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School Food Lessons We Should Learn From Chipotle

How to ensure the most delicious, nutritious lunches are safe to eat.

The Boulder Valley School District in Colorado, where I am director of food services, is building a central kitchen, which will eventually cook upwards of 20,000 meals per day for our students, faculty and staff.

These scratch-cooked meals will be made from fresh whole ingredients, with a priority on locally sourced food. We’re going to be partnering with local farmers, producers and ranchers, and we plan to procure a significant portion of our food from these partners. Sounds like a recipe for amazing school food – every school food advocate’s dream – and yet this dream keeps me up at night. I’m not sleeping, wondering how we can do all this, make the most delicious, nutritious food possible, and keep our children healthy and safe.

One of the things keeping me up is Chipotle and the media storm around the foodborne illness outbreaks plaguing this restaurant chain. I respect Chipotle’s values, and its founder cares deeply about “real” food. Yet the company has been investigated by both the Food and Drug Administration and the Centers for Disease Control and Prevention for the illnesses its restaurants have served up to customers. Here’s a company that has made sourcing local and fresh ingredients a priority, a company that cooks from scratch, a company that prides itself on “sourcing the very best ingredients and … preparing them by hand.” Yet Chipotle finds itself in the unenviable situation of having made people sick, seeing its stock value plummet and facing a crisis of trust with its customers. This company, whose values are similar to many of mine, a restaurant chain that I often recommend to students as fast food that is leagues above the rest, this company that hasn’t been able to keep their customers safe, is the reason I’m not sleeping at night...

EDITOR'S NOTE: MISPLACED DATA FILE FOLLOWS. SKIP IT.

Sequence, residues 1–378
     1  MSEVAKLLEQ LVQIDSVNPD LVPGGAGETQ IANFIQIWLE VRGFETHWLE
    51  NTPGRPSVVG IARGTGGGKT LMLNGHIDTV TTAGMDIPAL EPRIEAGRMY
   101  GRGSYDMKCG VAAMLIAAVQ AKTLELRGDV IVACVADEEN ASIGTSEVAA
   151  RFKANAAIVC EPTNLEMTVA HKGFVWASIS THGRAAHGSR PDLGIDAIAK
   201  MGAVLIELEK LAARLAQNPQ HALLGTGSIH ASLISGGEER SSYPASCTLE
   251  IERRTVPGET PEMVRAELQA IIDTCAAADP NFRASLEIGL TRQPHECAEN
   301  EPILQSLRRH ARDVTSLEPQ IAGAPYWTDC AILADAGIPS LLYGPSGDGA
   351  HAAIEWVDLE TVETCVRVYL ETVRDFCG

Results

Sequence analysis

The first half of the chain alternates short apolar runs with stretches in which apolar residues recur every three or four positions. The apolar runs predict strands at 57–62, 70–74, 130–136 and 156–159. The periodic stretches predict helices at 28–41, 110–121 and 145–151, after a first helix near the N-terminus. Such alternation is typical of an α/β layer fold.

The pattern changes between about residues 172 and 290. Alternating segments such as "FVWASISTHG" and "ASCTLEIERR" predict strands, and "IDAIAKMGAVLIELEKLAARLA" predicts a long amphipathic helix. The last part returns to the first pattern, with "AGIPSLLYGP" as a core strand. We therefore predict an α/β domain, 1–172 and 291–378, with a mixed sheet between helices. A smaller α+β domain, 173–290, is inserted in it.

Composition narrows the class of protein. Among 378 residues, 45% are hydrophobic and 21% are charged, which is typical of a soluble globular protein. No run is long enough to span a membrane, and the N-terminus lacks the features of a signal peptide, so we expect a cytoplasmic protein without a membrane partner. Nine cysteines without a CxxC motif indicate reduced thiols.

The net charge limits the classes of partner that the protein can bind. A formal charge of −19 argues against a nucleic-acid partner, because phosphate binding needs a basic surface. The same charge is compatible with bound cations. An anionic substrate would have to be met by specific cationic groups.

Read the rest of the blogpost: “School Food Lessons We Should Learn From Chipotle” (U.S. News & World Report)

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